As an outsider, Schultz sees clearly the evil of slavery. He’s a good instance of wit and intelligence up against stupidity; unfailingly polite even as he blows his opponents away. Tarantino’s emphatically a writer-director, and Christoph Waltz delights in the music of his language. 

A dentist-turned-bounty hunter, Schultz rolls out of the dark on his wagon as a chain-gang of slaves makes its way through the night. He's come to bust a slave named Django free. 

He needs Django to identify a man on his kill list. Django’s never seen anything like Schultz before, but they become unlikely buddies and mutual admirers. 

As Django, Jamie Foxx lets us see the slave's latent intelligence, recognized by his mentor Schultz. He goes from shuddering like a beaten animal to Superfly in chaps. The friends set out to rescue Django’s enslaved wife, Broomhilda (Kerry Washington).

Once they enter the state of Mississippi (screen-high letters act as a portal), it’s as though we’ve entered a demented Hell, presided over by Leonardo DiCaprio as a kind of Satan. A man of wealth and taste, he’s the gleefully sadistic Calvin Candie, the patriarch of the "Candyland" plantation, deeply committed to white supremacy.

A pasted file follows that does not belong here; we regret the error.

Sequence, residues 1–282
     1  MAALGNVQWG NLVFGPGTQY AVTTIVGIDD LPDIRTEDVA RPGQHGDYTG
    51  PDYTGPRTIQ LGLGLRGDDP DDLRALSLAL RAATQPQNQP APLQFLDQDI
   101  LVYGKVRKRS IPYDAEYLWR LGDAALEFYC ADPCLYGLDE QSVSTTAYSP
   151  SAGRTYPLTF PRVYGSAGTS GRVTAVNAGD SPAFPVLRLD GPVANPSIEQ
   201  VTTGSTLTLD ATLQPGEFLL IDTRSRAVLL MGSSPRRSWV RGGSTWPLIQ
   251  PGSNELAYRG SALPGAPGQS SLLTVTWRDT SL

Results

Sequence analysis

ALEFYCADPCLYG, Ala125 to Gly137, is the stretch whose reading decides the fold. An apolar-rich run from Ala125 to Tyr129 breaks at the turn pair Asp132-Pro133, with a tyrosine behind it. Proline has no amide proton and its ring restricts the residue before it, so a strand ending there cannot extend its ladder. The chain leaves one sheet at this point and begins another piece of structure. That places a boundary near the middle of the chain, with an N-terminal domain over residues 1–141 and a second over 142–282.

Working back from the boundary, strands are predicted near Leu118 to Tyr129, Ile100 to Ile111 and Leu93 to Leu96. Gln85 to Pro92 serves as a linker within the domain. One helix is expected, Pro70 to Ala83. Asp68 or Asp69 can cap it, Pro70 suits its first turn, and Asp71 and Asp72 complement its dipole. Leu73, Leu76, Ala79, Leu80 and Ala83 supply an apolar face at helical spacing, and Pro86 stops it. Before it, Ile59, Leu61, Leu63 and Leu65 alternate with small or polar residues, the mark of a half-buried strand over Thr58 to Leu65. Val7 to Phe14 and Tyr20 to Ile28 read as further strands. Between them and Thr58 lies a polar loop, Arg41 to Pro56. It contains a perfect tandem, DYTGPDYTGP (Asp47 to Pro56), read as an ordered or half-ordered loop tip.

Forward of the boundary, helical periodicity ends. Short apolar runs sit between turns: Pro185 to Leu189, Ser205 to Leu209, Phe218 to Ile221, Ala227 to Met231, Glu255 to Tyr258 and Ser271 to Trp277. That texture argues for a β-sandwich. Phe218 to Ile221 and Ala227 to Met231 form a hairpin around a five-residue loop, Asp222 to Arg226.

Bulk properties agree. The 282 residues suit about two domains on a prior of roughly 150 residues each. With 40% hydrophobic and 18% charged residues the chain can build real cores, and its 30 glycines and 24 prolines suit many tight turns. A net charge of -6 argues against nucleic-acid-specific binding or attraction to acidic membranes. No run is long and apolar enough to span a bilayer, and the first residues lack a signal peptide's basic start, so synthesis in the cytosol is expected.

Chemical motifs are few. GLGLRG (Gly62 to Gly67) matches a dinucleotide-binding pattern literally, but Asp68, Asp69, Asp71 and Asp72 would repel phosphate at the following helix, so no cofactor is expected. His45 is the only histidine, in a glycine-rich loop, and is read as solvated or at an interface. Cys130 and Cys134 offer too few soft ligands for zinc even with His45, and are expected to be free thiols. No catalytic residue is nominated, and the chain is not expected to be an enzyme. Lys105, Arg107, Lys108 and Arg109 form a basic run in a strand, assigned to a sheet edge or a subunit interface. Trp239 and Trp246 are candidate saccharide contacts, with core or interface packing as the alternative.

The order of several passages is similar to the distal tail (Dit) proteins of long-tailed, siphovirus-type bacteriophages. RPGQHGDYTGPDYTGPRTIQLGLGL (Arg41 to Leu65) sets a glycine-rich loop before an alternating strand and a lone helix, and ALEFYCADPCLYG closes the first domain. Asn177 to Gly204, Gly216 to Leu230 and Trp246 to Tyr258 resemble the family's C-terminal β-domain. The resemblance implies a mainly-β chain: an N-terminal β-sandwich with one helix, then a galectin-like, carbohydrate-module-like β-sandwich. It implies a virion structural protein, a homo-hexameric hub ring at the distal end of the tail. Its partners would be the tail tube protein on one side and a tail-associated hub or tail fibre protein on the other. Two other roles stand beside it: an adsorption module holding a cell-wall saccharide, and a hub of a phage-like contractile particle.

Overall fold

DiCaprio keeps getting more and more interesting as an actor. This is one of my favorite things he’s done. Here he seems to be channeling Orson Welles as Kane in a twisted way, knit brow over slanting, laughing blue eyes. It is a devilish performance (and maybe a surrogate for the devilish Tarantino).       

There’s a wicked-smart performance by Samuel L. Jackson as the "house nigger" Mr. Stephens, all exaggerated mugging, scraping and crowing.

There’s a great shot in which Stephens stands over Candie’s shoulder, cackling bug-eyed at his master’s "bon mots" as he regales his guests. Tarantino holds the shot, as if to say, look how insane this is, how evil. And the great cinematographer Robert Richardson, whom Tarantino shares with Scorsese, gives the Victorian interiors of Candyland a vivid, almost surreal quality; a comic book look that heightens the madness.